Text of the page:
Prickly pear

Scientific name: Opuntia spp.
Declaration status: Class A

Opuntioid cacti are declared across all of the Northern Territory (NT).

All opuntioid cacti species in the genera Austrocylindropuntia, Cylindropuntia and Opuntia are Weeds of National Significance except for the Indian fig (Opuntia ficus-indica) which is a crop plant.

Prickly pear is a Weed of National Significance. For more information, go to the Australian Government's Department of Environment website.

Native to the Americas, opuntioid cacti can grow throughout a wide climatic range.

Species are found throughout all Australian states and territories, growing across varied soil types in areas that receive above 150mm of rainfall annually.

The majority are drought-resistant and hardy.

Many species were deliberately introduced as food, fodder, ornamentals and for the former cochineal industry.

Some species have since proven to be highly invasive, others flourish in disturbed areas such as dumps and disused mine sites.

The common prickly pear (Opuntia stricta) is found throughout the NT.

Indian fig (Opuntia ficus-India) and riverina pear (Opuntia elata) are also common.

There are no known specimens or infestations of Austrocylindropuntia spp. in the NT.

Opuntioid cacti can have all of the following impacts:

  • spines can cause serious injury to humans, stock and native animals
  • can form large stands that harbour feral animals
  • limits access for mustering and recreational activities
  • spines can contaminate wool and hides
  • infestations can reduce or prevent grazing activities, reducing productivity.

You should use this as a guide. There may be other plants or weeds that look similar.

  • range from low growing shrubs to erect trees up to 8m tall most commonly around 2m tall and covered with spines
  • small to large flattened stem fragments commonly referred to as pads, most are covered with spines 1cm to 5cm long
  • flowers more commonly yellow, red and orange in colour.

Opuntioid cacti - stems and branches Opuntioid cacti - leavesOpuntioid cacti - flowersOpuntioid cacti - habit

To find out more, get the prickly pear weed note on the Department of Environment, Parks and Water Security website.

If you are unsure, contact the Weed Management Branch.

Chemical control

Below is a list of treatment methods that can be used.

Chemical and concentrationRate Situation, method and notes
Triclopyr 600g/L
Garlon™ 600
800ml / 60L (diesel)
Seedlings, juvenile, adults (individuals or infestations):
Foliar spray entire plant surface, ensuring all plant surfaces are completely covered with spray-mix to the point of runoff.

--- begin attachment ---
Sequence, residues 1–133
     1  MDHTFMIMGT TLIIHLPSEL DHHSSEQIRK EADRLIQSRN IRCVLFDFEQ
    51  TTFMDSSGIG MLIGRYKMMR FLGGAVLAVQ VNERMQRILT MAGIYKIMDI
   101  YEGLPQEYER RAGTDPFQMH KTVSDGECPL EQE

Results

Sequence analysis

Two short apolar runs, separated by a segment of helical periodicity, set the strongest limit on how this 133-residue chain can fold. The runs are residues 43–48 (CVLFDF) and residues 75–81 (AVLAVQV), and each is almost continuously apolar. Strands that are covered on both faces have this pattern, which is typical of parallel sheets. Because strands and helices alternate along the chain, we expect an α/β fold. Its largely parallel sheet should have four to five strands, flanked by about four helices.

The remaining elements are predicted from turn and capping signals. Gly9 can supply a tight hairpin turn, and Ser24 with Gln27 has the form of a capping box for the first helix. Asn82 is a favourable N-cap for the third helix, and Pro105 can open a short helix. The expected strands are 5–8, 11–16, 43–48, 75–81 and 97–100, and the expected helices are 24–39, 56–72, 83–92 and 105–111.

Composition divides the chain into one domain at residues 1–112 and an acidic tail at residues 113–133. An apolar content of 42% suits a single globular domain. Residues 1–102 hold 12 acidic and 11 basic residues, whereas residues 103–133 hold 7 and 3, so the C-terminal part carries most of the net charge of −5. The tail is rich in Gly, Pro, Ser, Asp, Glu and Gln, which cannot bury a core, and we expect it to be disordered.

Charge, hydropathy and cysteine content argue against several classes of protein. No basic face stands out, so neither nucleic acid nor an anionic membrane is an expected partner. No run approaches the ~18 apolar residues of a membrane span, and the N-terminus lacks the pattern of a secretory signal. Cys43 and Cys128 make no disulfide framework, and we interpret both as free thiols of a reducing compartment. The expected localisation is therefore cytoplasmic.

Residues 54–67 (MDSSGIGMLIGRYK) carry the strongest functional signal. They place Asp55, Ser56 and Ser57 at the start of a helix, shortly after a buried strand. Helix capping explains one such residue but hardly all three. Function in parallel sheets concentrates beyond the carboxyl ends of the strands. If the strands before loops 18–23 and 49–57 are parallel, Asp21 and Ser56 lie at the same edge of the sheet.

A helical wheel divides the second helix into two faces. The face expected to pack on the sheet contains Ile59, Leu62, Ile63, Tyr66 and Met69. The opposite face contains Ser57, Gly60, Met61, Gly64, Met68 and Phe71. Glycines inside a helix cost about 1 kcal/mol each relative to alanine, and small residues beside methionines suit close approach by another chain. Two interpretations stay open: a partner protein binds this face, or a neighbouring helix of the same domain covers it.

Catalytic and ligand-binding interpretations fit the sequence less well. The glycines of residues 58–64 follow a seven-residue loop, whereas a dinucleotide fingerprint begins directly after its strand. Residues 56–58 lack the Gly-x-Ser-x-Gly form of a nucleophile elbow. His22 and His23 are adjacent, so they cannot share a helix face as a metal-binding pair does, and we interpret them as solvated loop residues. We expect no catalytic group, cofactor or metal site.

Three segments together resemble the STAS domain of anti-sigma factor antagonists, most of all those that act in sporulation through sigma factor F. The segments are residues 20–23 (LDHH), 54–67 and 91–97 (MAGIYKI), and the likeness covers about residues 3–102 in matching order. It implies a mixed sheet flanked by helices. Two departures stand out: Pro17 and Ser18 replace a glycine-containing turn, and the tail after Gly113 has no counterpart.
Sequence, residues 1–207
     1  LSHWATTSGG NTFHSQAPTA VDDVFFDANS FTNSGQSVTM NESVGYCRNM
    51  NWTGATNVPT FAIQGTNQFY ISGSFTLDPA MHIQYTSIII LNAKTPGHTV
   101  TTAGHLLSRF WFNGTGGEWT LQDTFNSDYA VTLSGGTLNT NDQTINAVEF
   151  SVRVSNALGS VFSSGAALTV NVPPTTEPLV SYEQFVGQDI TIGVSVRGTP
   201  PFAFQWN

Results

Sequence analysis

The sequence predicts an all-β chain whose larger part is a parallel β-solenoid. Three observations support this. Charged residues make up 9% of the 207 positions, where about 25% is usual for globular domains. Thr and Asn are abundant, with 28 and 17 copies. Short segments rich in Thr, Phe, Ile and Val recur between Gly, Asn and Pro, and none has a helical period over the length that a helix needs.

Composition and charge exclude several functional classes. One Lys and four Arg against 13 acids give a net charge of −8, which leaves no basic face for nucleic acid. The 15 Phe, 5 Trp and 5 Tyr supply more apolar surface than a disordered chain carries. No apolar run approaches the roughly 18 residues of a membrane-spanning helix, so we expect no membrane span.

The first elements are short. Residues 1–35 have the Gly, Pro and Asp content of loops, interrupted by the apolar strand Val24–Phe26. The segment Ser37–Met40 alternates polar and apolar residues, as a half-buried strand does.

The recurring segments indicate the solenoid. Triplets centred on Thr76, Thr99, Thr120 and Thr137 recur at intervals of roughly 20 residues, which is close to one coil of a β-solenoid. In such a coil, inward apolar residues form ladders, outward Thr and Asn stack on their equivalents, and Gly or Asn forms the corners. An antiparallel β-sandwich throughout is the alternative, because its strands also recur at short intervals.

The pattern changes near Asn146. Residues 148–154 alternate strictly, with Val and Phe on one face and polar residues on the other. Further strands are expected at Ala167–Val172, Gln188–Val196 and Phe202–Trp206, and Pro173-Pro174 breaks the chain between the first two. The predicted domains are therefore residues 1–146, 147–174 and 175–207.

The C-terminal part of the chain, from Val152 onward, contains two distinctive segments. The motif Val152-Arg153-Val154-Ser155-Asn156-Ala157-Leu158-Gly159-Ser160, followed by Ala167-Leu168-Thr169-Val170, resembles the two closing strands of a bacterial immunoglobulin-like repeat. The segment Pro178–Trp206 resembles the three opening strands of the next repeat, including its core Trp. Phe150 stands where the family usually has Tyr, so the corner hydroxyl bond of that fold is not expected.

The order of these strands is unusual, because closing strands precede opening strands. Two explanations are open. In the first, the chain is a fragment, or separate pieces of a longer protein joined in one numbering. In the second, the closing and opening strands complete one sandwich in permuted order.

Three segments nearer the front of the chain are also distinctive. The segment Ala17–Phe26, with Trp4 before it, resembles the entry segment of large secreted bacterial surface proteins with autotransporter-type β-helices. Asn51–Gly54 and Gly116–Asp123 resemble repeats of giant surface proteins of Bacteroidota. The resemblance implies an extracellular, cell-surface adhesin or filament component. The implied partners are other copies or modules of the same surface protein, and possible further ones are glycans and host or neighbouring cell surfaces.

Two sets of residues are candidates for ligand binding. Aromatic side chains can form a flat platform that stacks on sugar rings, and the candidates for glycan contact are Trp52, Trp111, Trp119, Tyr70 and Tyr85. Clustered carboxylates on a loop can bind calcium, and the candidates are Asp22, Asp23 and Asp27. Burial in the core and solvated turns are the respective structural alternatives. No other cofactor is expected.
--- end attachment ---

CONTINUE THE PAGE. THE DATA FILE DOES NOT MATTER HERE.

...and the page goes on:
Avoid spraying plants that appear stressed.
Triclopyr 240g/L and Picloram 120g/L
1L / 60L (diesel)
Seedlings, juvenile, adults (individuals or infestations):
Foliar spray entire plant surface, ensuring all plant surfaces are completely covered with spray-mix to the point of runoff.
Avoid spraying plants that appear stressed.

Non-chemical control

Any form or physical removal must remove all parts of the plant as they can regenerate from small fragments. For this reason large scale removal such as bulldozing is not effective and in fact will cause opuntioid cacti to spread further.

Hand pulling and grubbing

Weeds, including their roots, are physically pulled out of the ground by hand or using hand tools. This is an effective method of control for individual weeds and recent outbreaks that haven't released seeds yet, but it requires a lot of labour.

Alice Springs and Tennant Creek residents are encouraged to 'Bin it Don't Spread It' by getting cacti out of your garden before summer sets in. You can now dig out your declared cactus and put it into your wheelie bin for collection and removal to the waste management facility.


In the past control of the prickly pear with the agent cactoblastis has been highly successful, however biological control with insects requires a heavier density of plants than is present in the NT.

Opuntioid cacti mostly spread via plant segments which break off and are distributed by animals, water, machinery, vehicles and people. Some species also produce viable seeds within large, bright coloured fruit that are spread by birds and other animals.

You can prevent the spread of opuntioid cacti by doing all of the following:

  • map infestations to help develop a management plan
  • control minor infestations, isolated outbreaks or seedlings first
  • designate wash down areas and actively work to prevent contamination of clean areas
  • remove all segments and fruit from an area as they can regrow even under harsh conditions.

Find out more about how to control Opuntioid cacti. Get the best practice manual from the Department of Primary Industries and Regional Development (WA) website.

Last updated: 31 May 2022

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